We’re pleased to introduce Korea’s Youngho Kang, the daring photographer and multi-media artist behind the 99 Portrait Series. In a country that can at times be rigid with identity and gender, Youngho’s boldness, playfulness and exploration of the human form remains one of Korea’s most interesting art projects.  You can read out interview with him below, then when you are next in Seoul let us know, Perhaps we can arrange a cup of tea! 

For a link to the 99 Variations, please see the end of the article.

( The Woman without bones shoots the arrow, while hidden)

Asia Art Tours: Can you describe for our readers the concept of 99 Versions? How did the idea arise?

To be honest I don’t have a special concept for my works.

There is only one thing: I wanted to change my identity from a commercial photographer to a fine art artist.

So firstly I had to answer, starting with my spirit about “What is art?”. For me, that was very simple. “Art for me is to concentrate on the things that only I can do.”

I really wanted to be different from anyone, including myself. “99 Variations”, so to speak, is started by me running away from myself.

(The Prison that does not regret)

There’s a huge variety in the images, some show chaotic motion; some are arresting portraits; they all have intriguing details. What, to you, is the element that unifies all these images? What’s the signature characteristic that runs through them all?

I took photos of myself in front of the mirror. My figure and camera are always revealed in one frame. My works stem from two oxymoronic kinds of desire.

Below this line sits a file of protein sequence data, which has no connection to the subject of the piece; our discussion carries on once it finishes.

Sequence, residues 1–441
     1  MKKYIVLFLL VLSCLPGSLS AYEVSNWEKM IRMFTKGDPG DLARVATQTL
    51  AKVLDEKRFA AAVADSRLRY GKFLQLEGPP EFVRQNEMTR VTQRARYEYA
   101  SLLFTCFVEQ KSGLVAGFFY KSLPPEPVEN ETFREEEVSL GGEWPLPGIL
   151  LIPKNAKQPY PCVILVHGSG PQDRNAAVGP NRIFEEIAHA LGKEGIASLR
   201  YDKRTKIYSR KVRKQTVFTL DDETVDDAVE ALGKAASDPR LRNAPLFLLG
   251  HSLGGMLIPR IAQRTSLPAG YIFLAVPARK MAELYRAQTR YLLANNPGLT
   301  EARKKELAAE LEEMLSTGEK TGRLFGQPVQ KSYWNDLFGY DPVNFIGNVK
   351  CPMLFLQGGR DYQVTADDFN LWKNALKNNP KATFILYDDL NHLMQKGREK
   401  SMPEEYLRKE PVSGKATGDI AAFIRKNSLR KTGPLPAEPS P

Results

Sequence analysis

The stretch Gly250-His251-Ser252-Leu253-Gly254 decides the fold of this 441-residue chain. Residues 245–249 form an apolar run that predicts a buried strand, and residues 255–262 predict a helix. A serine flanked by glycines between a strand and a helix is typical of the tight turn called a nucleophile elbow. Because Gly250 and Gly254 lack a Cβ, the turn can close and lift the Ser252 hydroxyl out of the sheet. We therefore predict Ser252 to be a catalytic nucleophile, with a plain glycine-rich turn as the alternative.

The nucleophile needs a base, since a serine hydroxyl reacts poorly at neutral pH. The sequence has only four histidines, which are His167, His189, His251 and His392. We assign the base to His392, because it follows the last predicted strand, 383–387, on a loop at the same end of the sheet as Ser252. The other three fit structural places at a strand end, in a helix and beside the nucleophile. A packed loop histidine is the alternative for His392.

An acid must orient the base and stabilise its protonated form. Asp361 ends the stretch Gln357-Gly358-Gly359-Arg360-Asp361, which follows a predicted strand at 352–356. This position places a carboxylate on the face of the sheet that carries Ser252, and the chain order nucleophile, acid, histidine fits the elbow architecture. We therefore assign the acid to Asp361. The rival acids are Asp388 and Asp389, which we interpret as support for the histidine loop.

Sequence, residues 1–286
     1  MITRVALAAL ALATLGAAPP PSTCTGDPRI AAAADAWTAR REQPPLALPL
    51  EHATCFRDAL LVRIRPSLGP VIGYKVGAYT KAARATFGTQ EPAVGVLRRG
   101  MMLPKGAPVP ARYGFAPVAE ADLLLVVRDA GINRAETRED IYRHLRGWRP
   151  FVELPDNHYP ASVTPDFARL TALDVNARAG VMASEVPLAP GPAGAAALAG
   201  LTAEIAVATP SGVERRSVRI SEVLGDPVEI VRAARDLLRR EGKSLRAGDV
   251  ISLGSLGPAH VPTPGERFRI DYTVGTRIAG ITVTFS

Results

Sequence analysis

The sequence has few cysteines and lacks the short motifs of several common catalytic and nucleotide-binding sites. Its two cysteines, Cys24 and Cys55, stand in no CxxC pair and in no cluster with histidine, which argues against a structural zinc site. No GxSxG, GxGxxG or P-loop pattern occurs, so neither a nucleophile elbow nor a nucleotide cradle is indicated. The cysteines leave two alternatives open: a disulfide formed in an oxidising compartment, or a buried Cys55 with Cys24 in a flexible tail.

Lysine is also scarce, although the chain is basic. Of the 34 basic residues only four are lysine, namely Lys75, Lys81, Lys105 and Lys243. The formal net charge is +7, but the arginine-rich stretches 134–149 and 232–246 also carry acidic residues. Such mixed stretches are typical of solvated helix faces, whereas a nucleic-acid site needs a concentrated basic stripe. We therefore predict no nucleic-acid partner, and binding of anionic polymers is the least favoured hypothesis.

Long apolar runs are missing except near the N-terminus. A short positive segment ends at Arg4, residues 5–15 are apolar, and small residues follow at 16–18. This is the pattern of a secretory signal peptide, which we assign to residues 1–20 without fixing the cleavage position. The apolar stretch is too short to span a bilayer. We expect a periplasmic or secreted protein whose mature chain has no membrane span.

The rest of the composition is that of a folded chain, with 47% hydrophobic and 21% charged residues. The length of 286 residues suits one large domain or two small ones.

Separating and creating another self from my realistic self, and at the same time, connecting them. In my case I used the mirror to discover my other selves, while at the same time I used the camera to place them in my memory again.

The relationship between the mirror and I is subconscious, which helps me imagine. The relationship between the camera and I is conscious, which helps me to memorize.

So to speak, I can see the images are 99% different and separated from realistic self by the mirror, but finally I can recognize them all as myself, thanks to the camera.

This means, the mirror expanded my amount of selves, while the camera maintained the mass of my selves.

(The Bird that the fisherman caught is Haughty)

In your artist statement you wrote that you love the exercise of creating images, whereas the final image is more like a mummy, or the preservation of art that used to be alive and present. Can you tell us more about that, and what your process is like in general for creating these portraits?

I have worked as a portrait photographer for about 20years. The knowledge from my work tells me that people live as they look; their lives are connected with the way they look and vice versa. It means that there is a kind of “Destiny of Looks”. I believe that knowing one’s own appearance is very important. But most people do not take in appearances and what they tell, only the surface information.